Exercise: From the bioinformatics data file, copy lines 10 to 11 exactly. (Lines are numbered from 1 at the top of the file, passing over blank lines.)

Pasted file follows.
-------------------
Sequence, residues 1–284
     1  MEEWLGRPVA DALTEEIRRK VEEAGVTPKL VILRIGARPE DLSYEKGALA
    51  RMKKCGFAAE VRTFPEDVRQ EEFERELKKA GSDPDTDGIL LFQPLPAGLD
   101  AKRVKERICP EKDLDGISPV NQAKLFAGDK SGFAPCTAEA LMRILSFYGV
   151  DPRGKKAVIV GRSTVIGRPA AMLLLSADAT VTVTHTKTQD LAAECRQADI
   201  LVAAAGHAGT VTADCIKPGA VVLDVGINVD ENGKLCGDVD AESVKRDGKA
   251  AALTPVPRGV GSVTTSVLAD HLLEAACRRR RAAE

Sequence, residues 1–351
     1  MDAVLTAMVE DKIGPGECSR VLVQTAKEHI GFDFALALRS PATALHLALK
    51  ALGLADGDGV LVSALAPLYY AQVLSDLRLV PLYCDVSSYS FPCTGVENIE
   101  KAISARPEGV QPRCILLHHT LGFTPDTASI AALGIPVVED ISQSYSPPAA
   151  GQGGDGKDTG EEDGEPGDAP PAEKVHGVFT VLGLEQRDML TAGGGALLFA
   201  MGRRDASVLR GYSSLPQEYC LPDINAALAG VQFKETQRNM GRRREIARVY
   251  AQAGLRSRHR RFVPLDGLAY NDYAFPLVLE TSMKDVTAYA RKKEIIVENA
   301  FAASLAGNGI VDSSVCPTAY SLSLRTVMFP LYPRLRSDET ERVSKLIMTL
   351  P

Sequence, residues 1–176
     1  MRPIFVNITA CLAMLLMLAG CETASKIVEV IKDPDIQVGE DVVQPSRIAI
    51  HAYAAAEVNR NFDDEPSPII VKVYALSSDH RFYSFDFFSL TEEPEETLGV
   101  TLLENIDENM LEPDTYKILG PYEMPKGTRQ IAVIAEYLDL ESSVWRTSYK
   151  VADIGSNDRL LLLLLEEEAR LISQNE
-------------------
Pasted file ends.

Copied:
    51  ALGLADGDGV LVSALAPLYY AQVLSDLRLV PLYCDVSSYS FPCTGVENIE
   101  KAISARPEGV QPRCILLHHT LGFTPDTASI AALGIPVVED ISQSYSPPAA